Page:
Senate Subcommittee Hearing on Rape in the United States
I’ve been watching the webcast of a Senate subcommittee hearing on rape in the United States, and though I’m not able to watch the last panel, I wanted to note a couple of things. One is that I’m actually encouraged by what I’ve heard, especially about the need to have better definitions of sexual crimes and the need for better reporting and police support. Then again, the Senators present were Specter, Cardin, and Franken, so maybe that’s to be expected.
One thing, though, that bothered me, was that Specter seemed surprised that a public education and awareness campaign would be needed–what is to me one of the most important elements of eradicating rape culture. He stated that “people are aware of what rape means […] that it is violent and anti-social.” Seems to be missing the point a bit. There was some back-and-forth in this hearing between recognizing and seeming to gloss over acquaintance rape. The problem isn’t that people don’t know what rape is, but that sexual crimes aren’t culturally stigmatized and survivors don’t get social support. So yes, a public education campaign is vitally important, to change the way people think about sex and to prevent rape before it happens.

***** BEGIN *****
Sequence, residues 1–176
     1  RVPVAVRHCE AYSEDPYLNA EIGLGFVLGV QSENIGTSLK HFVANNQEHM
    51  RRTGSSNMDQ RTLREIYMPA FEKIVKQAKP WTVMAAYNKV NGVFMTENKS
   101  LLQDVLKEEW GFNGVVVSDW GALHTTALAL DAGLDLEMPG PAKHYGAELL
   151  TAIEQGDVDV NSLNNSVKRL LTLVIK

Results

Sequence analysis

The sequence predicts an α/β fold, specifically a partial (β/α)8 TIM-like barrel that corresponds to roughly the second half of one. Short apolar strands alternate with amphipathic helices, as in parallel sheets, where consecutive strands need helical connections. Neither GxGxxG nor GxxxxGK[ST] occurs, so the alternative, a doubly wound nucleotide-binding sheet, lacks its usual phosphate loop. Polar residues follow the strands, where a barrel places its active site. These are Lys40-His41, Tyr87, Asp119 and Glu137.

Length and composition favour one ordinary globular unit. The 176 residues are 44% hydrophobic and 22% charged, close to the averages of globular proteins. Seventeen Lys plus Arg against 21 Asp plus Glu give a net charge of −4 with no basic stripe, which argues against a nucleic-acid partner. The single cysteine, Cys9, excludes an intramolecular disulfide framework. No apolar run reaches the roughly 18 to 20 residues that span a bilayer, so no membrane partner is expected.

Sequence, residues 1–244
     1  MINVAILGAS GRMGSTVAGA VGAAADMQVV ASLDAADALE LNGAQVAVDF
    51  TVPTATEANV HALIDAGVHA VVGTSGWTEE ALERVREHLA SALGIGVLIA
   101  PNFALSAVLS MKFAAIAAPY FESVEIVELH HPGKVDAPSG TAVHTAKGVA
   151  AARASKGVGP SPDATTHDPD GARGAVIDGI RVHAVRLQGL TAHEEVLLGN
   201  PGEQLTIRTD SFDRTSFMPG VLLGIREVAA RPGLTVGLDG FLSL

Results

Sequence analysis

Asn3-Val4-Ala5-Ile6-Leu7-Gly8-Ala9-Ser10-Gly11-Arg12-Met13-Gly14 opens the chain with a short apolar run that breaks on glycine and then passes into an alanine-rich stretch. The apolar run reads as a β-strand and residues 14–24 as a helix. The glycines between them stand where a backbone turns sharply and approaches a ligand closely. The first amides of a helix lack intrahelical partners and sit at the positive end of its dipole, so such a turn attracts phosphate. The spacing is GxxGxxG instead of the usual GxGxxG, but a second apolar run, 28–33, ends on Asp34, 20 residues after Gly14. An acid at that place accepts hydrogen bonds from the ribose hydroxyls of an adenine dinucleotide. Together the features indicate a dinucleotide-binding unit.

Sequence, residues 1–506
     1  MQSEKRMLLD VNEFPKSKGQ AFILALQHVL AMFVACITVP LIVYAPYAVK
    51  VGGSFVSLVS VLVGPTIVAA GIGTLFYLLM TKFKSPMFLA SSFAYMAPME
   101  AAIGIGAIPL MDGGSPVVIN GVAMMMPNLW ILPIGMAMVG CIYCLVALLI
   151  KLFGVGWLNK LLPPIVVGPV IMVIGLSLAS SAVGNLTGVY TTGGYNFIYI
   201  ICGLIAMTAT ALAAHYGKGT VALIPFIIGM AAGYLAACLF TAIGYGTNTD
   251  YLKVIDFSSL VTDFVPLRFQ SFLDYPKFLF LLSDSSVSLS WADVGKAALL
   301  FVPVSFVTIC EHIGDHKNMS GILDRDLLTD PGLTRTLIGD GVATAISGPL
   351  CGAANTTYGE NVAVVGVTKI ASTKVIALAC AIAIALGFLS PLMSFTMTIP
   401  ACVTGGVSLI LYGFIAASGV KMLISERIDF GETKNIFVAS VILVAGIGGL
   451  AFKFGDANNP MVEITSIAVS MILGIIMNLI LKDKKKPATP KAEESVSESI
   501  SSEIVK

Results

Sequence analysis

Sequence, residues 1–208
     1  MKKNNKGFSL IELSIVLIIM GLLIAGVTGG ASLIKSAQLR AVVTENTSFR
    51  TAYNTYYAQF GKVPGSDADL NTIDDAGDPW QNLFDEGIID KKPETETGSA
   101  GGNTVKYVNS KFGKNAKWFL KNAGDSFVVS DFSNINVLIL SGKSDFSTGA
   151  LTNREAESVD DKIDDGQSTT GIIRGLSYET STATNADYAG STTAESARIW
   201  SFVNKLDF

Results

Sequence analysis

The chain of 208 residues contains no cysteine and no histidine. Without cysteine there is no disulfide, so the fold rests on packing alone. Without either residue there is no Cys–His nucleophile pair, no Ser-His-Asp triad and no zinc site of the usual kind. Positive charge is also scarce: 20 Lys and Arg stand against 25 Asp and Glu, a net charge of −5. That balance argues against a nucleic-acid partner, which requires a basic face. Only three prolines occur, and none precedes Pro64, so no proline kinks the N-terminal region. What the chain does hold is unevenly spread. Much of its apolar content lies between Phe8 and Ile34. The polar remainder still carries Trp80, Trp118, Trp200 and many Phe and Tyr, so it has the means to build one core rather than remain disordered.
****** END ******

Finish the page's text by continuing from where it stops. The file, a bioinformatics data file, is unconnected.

On the other hand, I was encouraged that particularly vulnerable populations were at least mentioned: indigenous people, immigrants, people with disabilities, people in institutions, LGBT people, the homeless, etc. I don’t know how much hope I have for things improving, but this hearing has shown that journalism, and just talking about it, does mean something.